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Leveling up Your Terraform Deploys with Github Codespaces

Learn how Github Codespaces can make deploys with Terraform secure, reliable, and hassle free.

Recently Github made a beta publicly available for Codespaces. This will provide a fully functional cloud development environment which developers can access via a browser or using an extension on Visual Studio Code. It can be configured to provide all of a project's dependencies as soon as a developer starts up the environment. No more "this only works on my machine" because now everyone's machine is the same.

There are a lot of obvious benefits to using this sort of configuration when developing with a team of people. As a devops person, one possibility that got me excited was how this could be used to streamline deploys with Terraform.

A Quick Preface

Before we get into specifics, let me just preface by saying that I don't think you should manage everything Terraform through a Codespace. Most of the time you actually shouldn't need it. Generally you want your deployments to be completely automated. That's best handled with a pipeline tool such as Github Actions, Jenkins, Circle CI, etc. Occasionally, you'll run into situations where things go a little less smoothly, and that's where Codespaces will fit in. Mainly, we can avoid some unwanted errors for those times when we have to use Terraform outside of our pipeline.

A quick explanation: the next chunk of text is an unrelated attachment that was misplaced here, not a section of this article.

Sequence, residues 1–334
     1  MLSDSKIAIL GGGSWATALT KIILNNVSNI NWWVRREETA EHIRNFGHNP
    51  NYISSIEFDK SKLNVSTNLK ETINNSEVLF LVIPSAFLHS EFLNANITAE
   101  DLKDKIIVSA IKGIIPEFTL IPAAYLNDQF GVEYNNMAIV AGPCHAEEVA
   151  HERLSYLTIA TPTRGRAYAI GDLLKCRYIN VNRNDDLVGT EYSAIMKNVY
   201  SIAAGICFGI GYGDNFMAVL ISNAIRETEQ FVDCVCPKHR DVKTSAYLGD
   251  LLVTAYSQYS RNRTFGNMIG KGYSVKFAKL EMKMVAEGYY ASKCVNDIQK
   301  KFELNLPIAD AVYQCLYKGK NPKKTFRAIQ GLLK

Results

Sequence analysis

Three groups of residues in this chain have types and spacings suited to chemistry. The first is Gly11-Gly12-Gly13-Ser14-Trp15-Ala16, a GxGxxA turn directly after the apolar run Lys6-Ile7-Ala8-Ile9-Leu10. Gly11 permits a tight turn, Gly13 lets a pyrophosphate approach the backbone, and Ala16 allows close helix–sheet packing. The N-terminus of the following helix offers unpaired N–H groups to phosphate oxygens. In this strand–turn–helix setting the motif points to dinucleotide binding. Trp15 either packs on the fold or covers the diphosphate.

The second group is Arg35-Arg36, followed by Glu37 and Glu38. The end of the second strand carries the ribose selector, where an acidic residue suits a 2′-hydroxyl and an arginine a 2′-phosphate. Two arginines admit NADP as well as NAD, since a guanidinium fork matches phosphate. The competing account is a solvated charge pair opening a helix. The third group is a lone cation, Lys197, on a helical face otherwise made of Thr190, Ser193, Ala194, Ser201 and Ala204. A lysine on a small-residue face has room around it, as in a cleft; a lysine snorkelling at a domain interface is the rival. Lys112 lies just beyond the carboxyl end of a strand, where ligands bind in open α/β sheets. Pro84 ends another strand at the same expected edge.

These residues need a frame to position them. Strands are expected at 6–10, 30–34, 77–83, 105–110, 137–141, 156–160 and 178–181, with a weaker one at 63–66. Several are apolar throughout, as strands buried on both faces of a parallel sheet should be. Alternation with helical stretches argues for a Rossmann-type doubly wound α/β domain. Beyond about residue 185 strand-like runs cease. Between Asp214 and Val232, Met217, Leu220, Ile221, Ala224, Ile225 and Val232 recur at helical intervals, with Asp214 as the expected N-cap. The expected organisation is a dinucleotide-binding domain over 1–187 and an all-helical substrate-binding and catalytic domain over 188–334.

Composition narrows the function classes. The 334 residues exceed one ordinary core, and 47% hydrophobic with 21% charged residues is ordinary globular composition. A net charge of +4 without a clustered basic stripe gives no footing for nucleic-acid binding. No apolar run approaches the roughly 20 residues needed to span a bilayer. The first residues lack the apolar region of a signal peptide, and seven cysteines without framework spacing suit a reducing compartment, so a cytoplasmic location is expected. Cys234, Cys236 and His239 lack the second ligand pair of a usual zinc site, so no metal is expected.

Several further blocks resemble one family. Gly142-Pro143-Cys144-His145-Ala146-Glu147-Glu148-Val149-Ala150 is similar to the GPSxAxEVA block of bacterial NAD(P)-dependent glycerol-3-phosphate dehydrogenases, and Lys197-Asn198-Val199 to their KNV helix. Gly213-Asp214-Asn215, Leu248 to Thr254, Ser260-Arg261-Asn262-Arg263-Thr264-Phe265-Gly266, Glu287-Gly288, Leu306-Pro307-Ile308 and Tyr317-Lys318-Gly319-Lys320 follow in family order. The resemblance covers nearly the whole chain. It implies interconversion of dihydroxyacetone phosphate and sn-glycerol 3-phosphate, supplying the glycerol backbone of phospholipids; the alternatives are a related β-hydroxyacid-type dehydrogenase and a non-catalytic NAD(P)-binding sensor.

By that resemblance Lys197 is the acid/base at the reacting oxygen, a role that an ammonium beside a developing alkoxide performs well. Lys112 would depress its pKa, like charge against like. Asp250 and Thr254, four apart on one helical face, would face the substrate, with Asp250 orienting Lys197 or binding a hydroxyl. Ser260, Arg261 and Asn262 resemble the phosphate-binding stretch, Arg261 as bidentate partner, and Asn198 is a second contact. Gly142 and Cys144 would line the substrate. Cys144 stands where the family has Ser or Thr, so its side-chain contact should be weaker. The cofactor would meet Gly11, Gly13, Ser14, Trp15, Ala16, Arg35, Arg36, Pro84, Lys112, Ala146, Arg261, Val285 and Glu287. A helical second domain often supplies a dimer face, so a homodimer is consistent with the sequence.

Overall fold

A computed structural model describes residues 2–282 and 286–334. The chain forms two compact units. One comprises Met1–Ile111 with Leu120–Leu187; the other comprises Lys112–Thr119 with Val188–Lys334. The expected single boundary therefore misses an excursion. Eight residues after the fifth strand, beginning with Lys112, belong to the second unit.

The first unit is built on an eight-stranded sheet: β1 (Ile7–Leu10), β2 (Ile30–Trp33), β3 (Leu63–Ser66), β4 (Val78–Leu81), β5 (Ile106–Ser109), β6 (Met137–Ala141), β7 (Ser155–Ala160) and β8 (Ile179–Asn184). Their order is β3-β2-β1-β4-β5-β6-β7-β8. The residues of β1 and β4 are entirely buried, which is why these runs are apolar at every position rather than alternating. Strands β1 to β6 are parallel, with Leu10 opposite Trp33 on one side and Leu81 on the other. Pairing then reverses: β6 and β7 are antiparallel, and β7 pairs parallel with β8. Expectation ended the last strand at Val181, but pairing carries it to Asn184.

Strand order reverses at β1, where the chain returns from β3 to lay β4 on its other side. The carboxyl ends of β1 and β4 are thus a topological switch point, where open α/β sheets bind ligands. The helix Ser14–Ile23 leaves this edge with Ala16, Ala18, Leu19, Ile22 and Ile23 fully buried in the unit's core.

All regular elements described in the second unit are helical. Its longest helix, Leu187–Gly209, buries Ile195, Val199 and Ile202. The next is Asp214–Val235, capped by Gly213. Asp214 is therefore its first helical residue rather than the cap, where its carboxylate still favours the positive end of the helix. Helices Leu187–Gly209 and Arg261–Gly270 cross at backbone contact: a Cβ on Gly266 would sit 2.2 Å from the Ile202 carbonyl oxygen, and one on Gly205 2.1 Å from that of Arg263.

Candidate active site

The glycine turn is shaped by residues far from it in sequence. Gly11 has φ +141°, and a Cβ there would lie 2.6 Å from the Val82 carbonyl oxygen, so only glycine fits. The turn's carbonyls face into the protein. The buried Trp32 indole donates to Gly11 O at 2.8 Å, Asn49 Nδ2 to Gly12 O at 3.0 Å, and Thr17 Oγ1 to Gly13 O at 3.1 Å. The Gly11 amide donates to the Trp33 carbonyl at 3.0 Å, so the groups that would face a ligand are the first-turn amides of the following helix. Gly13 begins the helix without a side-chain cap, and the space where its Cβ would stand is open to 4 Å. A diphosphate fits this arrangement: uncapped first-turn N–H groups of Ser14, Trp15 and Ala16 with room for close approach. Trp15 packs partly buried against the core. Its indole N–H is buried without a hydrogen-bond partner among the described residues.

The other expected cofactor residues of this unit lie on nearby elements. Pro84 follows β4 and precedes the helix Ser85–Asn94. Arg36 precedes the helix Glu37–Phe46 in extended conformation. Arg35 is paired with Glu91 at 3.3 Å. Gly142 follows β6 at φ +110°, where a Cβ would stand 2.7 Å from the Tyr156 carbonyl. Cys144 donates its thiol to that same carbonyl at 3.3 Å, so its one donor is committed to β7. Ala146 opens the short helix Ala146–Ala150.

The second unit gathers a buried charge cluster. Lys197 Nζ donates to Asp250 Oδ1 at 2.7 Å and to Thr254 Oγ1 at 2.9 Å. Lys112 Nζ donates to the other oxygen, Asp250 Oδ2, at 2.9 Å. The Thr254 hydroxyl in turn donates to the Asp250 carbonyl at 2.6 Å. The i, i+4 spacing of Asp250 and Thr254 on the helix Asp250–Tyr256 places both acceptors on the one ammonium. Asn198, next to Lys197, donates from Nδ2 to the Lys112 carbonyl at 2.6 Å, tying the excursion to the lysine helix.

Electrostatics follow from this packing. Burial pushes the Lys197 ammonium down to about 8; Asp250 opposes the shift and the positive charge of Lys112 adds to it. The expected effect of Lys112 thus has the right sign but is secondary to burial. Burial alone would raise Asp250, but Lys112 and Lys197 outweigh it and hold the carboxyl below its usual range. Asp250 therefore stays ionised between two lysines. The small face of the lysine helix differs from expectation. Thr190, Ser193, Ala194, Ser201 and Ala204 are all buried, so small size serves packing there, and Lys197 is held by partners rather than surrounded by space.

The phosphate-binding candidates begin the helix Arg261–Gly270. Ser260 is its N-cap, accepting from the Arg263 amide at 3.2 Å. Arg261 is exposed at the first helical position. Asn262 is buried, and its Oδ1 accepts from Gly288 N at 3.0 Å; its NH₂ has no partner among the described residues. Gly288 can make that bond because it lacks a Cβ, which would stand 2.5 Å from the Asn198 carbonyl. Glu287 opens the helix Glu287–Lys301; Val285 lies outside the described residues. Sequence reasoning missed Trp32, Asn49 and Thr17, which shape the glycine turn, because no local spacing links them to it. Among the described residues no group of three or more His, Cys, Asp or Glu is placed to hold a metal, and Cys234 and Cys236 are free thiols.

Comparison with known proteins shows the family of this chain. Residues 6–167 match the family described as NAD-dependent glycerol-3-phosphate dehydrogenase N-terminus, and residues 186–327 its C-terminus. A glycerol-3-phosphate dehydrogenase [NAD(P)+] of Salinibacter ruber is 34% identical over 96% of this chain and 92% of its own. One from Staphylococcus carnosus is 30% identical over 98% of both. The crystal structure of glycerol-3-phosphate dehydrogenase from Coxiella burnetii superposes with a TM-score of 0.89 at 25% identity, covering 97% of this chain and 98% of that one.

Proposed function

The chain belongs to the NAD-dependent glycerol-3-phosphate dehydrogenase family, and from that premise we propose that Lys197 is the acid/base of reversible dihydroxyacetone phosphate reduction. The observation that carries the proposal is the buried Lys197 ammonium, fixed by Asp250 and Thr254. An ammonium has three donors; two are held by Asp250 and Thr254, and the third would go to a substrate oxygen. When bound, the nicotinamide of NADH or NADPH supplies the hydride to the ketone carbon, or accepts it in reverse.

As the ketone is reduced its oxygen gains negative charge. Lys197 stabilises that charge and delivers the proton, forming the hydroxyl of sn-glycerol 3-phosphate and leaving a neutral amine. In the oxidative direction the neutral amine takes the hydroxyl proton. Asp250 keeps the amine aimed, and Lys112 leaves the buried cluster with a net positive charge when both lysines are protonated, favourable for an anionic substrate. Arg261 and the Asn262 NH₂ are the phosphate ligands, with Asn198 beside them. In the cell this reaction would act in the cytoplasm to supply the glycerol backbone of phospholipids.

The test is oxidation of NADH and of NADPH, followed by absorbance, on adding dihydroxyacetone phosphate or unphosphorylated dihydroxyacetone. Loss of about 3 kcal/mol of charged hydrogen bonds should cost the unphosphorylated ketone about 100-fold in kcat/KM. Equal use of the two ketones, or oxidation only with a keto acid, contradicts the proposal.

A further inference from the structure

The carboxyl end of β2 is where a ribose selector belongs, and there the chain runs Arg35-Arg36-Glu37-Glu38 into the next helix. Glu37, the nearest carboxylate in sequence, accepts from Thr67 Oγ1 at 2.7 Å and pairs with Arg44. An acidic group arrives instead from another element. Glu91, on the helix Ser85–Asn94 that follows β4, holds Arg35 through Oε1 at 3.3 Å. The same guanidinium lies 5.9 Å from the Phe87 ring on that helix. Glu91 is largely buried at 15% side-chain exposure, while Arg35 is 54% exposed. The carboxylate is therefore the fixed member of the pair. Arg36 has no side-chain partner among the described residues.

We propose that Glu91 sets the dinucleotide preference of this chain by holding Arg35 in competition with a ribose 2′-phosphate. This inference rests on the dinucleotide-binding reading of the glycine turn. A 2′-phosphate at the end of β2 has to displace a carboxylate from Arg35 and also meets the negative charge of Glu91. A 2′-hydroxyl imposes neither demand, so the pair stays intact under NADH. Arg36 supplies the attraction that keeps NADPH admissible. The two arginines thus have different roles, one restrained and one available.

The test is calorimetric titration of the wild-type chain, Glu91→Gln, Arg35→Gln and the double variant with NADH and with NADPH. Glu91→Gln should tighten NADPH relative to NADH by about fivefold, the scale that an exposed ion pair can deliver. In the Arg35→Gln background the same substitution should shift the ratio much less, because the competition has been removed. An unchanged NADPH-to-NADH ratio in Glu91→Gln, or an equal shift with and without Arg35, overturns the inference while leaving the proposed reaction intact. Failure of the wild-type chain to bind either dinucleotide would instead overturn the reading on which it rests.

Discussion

Our Main Fix

I really like Terraform and I think it's a fantastic infrastructure-as-code (IaC) tool, however like most things it's not perfect. Sometimes after you run terraform plan things don't go according to plan 😬. Excusing the horrible dad joke, here's an error I ran into the other day when updating an nlb target group in my AWS environment:

Error: Error creating LB Target Group: DuplicateTargetGroupName: A target group with the same name 'example_tg' exists, but with different settings
	status code: 400, request id: <request-id>

So what exactly happened here? I had hoped to update the health check endpoint that the target group was using. This required the target group be completely replaced. Before deleting the old target group, Terraform attempted to create the new one. Terraform threw this error because target group names must be unique to the AWS account, and it tried to create a second with the name example-tg. Here's an issue on Github with some more details. The easiest solution is to delete the old target group and run our deployment again.

So why would you want to leverage Codespaces for something simple like deleting an AWS resource? There's actually a couple of reasons. Let me first mention that when using Infrastructure as Code, you should live and die by it. By that I mean since Terraform was used to provision all of the AWS resources on our project, it should be the only thing that makes changes. This is important because it avoids confusion about what is currently up in your environment. If you need to know something, you can refer to your codebase as a source of truth.

So to delete the target group, we should run the command:

terraform destroy -target aws_lb_target_group.example_tg

When running Terraform commands, versioning really matters. You already know that if you've ever seen this error message or something close:

Error: Error loading state: state snapshot was created by Terraform v0.12.26, which is newer than current v0.12.20; upgrade to Terraform v0.12.26 or greater to work with this state

Basically, once you run an apply using a specific version of the Terraform cli, from that point on you can only use that version or something newer.